Four Years of Firsts

My girl, Happy 4th Birthday to You!  I didn’t know about you the day you were born.  I wasn’t there to welcome you into the world, and to see you take your first breath of Earthly air.  I didn’t greet your sweet face with a gasp of joy.  My arms were not the first ones to hold you.  I didn’t hear your first cry or witness the doctor say how precious you were.  I didn’t feed you your first bottle, change your first diaper, or pick out your first garment.  I didn’t lock you safely in your car seat and drive you home to your first crib.  Our home was not your first one, but our family is yours forever.

1st birthday!

Your first year was so special.  I celebrated your first taste of real food, your first embraces, your first steps, your first words, and, of course, your first birthday.  I cared for your first boo-boos and scared away your first fears.  I bought several pink outfits for the first time.  There were many firsts that you only had with me.  No, I wasn’t there for your first breath of Earthly air, but I was there for your first year.

2nd birthday!

Your second year came so quickly.  I listened as your vocabulary took off and saw how your shy spirit took a backseat to your ever-emerging confident self.  I noticed that your first friend was your brother.  You were not quite two when our adoption was finalized.  I penned your new name for the first time!  I took you on your first “girl’s day” shopping spree, and tucked you into your first big girl bed.  No, I wasn’t there for your first breath of Earthly air, but I was there for your second year.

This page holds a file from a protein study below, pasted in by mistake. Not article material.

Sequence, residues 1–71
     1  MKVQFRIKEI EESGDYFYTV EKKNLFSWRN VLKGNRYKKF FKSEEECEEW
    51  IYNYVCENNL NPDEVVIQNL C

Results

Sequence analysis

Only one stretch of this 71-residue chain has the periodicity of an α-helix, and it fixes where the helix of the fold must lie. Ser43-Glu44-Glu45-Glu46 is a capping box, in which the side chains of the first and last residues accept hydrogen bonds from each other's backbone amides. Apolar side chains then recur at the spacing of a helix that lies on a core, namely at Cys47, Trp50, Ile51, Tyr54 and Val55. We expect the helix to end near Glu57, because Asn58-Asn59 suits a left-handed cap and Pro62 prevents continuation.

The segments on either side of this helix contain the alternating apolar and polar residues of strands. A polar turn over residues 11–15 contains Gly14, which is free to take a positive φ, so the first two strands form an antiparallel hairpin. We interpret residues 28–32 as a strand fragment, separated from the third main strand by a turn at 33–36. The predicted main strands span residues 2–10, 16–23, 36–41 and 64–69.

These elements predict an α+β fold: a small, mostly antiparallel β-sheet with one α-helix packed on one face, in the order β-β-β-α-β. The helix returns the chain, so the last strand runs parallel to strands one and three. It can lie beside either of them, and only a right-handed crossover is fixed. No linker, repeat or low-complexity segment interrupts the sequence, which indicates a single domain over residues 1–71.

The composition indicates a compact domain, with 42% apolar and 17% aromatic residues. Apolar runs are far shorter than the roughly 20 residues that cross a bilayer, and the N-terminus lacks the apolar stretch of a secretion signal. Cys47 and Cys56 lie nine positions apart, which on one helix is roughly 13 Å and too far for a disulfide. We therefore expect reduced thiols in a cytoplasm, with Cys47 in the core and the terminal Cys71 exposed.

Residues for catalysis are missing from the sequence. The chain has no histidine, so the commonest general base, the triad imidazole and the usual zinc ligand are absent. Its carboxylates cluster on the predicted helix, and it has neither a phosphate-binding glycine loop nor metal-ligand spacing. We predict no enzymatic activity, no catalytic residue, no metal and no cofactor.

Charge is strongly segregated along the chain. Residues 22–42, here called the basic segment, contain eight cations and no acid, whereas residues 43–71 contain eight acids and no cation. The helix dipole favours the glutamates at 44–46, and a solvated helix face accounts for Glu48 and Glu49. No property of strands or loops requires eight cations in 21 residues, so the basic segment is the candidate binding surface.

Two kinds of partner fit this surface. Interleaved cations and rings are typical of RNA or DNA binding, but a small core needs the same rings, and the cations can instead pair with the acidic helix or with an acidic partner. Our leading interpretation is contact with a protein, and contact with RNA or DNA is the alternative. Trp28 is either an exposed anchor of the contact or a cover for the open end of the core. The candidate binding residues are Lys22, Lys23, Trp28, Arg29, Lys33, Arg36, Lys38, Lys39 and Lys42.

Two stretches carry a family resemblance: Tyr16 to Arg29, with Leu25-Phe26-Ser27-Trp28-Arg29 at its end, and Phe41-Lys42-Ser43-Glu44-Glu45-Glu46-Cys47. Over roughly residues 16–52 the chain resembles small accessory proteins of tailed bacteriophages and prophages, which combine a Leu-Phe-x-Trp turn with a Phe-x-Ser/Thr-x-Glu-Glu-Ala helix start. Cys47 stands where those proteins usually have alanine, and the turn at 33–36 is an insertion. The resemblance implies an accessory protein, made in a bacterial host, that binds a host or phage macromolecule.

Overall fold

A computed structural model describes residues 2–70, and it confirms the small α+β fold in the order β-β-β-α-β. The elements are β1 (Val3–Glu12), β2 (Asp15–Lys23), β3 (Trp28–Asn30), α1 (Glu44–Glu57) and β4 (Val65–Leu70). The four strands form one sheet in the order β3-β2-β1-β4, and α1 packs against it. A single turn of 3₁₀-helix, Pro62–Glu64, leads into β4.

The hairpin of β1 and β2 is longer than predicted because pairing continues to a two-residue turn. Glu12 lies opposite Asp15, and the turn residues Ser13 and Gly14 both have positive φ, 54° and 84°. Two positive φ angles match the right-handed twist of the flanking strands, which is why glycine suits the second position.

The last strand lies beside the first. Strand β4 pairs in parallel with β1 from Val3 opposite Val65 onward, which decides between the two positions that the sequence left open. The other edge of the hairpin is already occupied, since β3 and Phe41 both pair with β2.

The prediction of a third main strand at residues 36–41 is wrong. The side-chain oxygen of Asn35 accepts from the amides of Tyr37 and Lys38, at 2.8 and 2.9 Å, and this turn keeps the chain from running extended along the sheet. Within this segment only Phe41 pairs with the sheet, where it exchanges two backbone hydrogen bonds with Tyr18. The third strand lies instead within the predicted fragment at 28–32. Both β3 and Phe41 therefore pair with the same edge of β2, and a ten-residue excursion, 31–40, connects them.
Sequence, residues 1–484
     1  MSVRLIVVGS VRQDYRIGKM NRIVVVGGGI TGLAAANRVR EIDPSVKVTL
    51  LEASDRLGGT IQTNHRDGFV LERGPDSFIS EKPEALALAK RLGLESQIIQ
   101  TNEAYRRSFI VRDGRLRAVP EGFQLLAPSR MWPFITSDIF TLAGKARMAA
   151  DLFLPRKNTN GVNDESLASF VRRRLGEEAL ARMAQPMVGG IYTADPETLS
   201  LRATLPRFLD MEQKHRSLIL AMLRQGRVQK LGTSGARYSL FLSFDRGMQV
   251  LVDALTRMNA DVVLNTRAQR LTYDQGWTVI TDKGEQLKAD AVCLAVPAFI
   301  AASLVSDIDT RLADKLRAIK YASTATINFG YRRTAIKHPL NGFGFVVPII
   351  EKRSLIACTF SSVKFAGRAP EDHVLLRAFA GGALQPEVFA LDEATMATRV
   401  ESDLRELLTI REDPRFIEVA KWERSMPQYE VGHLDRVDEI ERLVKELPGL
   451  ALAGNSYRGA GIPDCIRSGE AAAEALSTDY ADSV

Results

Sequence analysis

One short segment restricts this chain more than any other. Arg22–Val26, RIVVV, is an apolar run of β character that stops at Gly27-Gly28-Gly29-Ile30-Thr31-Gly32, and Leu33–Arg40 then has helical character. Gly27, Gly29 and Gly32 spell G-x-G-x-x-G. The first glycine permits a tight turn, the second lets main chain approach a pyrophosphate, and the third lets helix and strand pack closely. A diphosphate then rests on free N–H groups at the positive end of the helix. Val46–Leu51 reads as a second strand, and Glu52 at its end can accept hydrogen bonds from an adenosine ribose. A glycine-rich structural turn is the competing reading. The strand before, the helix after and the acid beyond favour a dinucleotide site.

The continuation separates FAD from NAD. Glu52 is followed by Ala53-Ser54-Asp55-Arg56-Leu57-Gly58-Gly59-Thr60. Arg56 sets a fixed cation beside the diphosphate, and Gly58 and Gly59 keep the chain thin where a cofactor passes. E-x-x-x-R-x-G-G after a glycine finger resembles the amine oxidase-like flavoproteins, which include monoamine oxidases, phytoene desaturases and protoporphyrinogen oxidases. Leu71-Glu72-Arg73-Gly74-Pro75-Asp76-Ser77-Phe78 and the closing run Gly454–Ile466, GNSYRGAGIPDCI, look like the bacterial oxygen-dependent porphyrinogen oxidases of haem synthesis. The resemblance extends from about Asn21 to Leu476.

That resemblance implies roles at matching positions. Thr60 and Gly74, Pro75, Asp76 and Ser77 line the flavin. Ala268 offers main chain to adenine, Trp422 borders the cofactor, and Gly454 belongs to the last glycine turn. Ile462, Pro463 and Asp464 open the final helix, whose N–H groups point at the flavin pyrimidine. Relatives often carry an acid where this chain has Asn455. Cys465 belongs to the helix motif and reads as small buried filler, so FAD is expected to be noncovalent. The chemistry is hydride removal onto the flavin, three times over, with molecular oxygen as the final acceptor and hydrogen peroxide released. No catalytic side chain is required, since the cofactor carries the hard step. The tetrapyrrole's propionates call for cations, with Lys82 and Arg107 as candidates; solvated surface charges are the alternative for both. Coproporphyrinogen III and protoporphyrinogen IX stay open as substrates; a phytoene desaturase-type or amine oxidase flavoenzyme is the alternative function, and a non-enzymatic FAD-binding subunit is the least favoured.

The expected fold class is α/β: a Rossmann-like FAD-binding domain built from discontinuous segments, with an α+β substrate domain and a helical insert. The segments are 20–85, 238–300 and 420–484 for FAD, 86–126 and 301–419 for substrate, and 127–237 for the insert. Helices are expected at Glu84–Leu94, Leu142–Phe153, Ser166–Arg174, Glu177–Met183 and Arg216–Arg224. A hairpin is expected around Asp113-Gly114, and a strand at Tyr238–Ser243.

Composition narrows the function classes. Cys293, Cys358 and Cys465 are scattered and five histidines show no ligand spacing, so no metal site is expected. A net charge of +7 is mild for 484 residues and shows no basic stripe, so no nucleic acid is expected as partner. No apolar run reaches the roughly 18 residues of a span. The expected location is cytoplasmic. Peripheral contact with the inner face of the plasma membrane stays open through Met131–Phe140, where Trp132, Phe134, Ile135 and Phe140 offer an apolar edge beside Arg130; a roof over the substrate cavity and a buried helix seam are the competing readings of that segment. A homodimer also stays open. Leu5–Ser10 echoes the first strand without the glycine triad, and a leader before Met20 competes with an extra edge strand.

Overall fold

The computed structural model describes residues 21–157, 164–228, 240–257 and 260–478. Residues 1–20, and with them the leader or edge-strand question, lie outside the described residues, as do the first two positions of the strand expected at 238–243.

3rd birthday!

Year three seemed to fly by so fast.  You learned to dress yourself, and I laughed at some of your first outfits you pulled together.  I took you to your first dentist appointment and applauded at how well you brushed your teeth.  You and I squealed with excitement at your first tube ride behind papa’s boat.  I noticed how quickly you learned to spell your name for the first time.  I was amazed at how easily you seemed to pick up on your first numbers and other preschool lessons.  I took you to your first dance recital, and wiped tears away while watching you twirl on the stage.  No, I wasn’t there for your first breath of Earthly air, but I was there for your third year.